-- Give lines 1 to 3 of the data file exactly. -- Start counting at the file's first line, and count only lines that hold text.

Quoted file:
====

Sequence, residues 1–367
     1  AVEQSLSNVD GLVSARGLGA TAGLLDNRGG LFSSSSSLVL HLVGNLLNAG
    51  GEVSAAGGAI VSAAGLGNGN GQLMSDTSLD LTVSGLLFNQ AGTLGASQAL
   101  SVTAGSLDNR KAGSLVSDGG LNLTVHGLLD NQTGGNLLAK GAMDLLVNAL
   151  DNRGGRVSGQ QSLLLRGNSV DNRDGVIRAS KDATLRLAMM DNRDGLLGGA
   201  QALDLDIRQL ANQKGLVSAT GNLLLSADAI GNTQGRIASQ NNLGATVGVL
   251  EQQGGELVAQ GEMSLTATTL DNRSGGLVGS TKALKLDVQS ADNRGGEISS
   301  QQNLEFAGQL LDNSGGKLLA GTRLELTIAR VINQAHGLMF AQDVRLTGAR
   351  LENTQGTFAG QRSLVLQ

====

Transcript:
Sequence, residues 1–367
     1  AVEQSLSNVD GLVSARGLGA TAGLLDNRGG LFSSSSSLVL HLVGNLLNAG
    51  GEVSAAGGAI VSAAGLGNGN GQLMSDTSLD LTVSGLLFNQ AGTLGASQAL